Health Care Odds & Ends: The Ugly, The Bad, and The Good

OddsEndsOkay, having given Clint Eastwood a bit of a smack with the last blog post, let’s give him some due with this one and use his contribution to categories to look at some the recent goings on in health care.

The Ugly:

IPAB Lite:  It seems Oregon has its own version of the Independent Payment Advisory Board.  According to the Wall Street Journal

Oregon’s Health Evidence Review Commission, or HERC, claims to be merely concerned with what supposedly works and what doesn’t. Their real targets are usually advanced, costly treatments. That’s why HERC, for example, proposed in May that Medicaid should not cover “treatment with intent to prolong survival” for cancer patients who likely have fewer than two years left to live. HERC presents an example to show their reasoning for such a decision: “In no instance can it be justified to spend $100,000 in public resources to increase an individual’s expected survival by three months when hundreds of thousands of Oregonians are without any form of health insurance.”

The WSJ notes that ObamaCare expressly forbids IPAB from doing these sorts of things.  On the other hand, ObamaCare doesn’t give the President the power to grant waivers to health care plans, to suspend the employer mandate, or allow Congressional staff to put their federal contribution toward insurance on the exchanges.  At this rate, IPAB will soon be invading our TV screens commanding us to exercise.

The Dishonor System. Chris Conover goes into considerable detail on the incentives that some people will face to commit fraud in order to qualify for tax subsidies on the ObamaCare exchanges.  It’s a lengthy read but well worth it—however, you might want to read it in parts if you find it too depressing at times.

The Bad:

ObamaCare Co-Ops.  Among the Co-Ops created under ObamaCare, the HHS Office of Inspector General “found that CO-OPs reported limited private monetary support and many CO-OPs’ estimated in their applications budgeted startup expenditures that exceeded available funding.”  Furthermore,  OIG

saw little evidence of private monetary support in any of the 16 applications we reviewed. Additionally, 11 of 16 CO-OPs reported estimated startupexpenditures in their applications that exceeded the total startup funding ultimately provided by CMS.

More here at the Washington Examiner.  Oh, and most of the Co-Ops have failed to file required tax documents, according to a Washington Examinerinvestigation.  One wonders what their treatment would be if they were “Tea Party Co-Ops.”  Lois Lerner was unavailable for comment.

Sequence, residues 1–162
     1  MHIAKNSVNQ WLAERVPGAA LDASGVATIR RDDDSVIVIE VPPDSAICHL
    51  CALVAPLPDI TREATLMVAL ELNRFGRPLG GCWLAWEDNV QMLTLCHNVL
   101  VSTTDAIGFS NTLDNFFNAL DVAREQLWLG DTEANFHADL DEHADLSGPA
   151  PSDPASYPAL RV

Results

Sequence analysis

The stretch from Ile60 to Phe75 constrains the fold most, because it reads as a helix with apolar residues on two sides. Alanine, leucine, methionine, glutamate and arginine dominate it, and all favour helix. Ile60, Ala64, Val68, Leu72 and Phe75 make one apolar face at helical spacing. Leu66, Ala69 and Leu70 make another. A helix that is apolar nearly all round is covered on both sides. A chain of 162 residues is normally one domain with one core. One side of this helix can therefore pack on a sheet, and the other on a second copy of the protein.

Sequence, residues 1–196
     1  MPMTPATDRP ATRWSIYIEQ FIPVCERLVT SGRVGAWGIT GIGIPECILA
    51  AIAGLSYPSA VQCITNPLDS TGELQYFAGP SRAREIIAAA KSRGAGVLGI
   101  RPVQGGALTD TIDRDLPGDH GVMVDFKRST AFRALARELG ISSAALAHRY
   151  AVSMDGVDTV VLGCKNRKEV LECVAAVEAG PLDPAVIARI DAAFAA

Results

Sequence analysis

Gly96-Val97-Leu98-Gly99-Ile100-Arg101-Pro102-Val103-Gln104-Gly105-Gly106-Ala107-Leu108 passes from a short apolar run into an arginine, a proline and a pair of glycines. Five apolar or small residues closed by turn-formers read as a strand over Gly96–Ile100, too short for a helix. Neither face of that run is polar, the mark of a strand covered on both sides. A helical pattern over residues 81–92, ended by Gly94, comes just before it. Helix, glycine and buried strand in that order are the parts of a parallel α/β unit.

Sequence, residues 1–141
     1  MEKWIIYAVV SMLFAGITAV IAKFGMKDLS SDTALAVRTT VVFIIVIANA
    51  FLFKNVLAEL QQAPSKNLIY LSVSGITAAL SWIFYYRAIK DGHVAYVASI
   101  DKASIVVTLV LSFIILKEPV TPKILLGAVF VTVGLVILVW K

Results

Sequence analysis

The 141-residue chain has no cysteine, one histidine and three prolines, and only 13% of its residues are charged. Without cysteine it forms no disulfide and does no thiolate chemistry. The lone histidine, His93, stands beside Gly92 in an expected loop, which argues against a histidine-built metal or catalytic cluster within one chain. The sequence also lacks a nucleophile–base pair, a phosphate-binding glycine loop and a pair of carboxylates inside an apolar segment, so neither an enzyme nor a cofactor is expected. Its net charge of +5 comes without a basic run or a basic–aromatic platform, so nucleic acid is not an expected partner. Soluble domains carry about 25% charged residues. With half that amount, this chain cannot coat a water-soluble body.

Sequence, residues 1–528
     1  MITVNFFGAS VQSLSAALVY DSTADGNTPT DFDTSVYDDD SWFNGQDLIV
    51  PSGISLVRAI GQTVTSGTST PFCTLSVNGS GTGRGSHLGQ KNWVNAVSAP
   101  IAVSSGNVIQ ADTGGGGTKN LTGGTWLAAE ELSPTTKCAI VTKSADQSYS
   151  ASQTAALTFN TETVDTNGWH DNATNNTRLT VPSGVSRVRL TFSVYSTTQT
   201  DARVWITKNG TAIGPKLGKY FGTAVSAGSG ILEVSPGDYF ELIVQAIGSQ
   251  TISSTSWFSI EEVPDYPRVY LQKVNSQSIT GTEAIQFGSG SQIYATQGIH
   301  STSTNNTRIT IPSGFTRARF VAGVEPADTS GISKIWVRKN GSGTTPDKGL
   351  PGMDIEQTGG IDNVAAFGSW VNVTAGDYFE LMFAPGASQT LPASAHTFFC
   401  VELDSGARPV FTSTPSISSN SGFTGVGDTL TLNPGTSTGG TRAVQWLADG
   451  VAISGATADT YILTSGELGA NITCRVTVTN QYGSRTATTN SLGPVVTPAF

Exchanges=Identity Theft Haven? Looks like the federal government won’t know if proper safeguards to protect customers’ identities on the exchanges will be up and running on time.  HHS has missed a number of deadlines for implementing these safeguards, and according to another HHS OIG report, if “there are additional delays in completing the security assessment and testing, CMS may have limited information on the security risks and controls before the exchanges open.”  Well, we are only about seven weeks from the exchanges opening.  Surely nothing else could go wrong, could it?

The Good:  

-Consumers Can Shop For Health Care—Even Big Ticket Items!  In 2010, Wellpoint BlueCross entered into an agreement with CalPERS employees to pay for hip and knee replacements in a new way.  Noticing that about 46 hospitals and other centers charged an average of $30,00 for these procedures, Wellpoint agreed to pay for the full surgery if the CalPERS patients agreed to have the procedure done in one of the 46 facilities.  If the patient went outside of that network, he’d have to pay the difference.  Here is a graph from a study of the program. Look at the top two lines:


As John Goodman notes in his blog:

The [top] red line represents the average cost for CalPERS patients who went outside the network (about 30% of the total). Beginning in 2010, they undoubtedly told the providers they had only $30,000 to spend. As the figure shows, the cost of care at these hospitals was cut by one-third in the first year and continued heading toward the average “network” price over the next two years.

This is dramatic evidence that when patients are responsible for the marginal cost of their care (and therefore, providers have to compete on price) health care markets become competitive very quickly. Remember, the insurer is not bargaining with these out-of-network providers. The patients are.

Look at the uppermost blue line. These are (control group) patients who are not telling providers they have only $30,000 to spend. Nonetheless, their price/cost of care begins declining in 2010 as well. This is exactly what would happen in the market for canned corn or for loaves of bread. People who comparison shop affect the price paid by those who don’t.

Now ask yourself this very important question: Who is more powerful at controlling health care costs? Huge third-party bureaucracies negotiating with providers? Or patients paying the marginal cost of their care?

This is where our health-care system should be heading.  Under ObamaCare, though, we are headed in the opposite direction.

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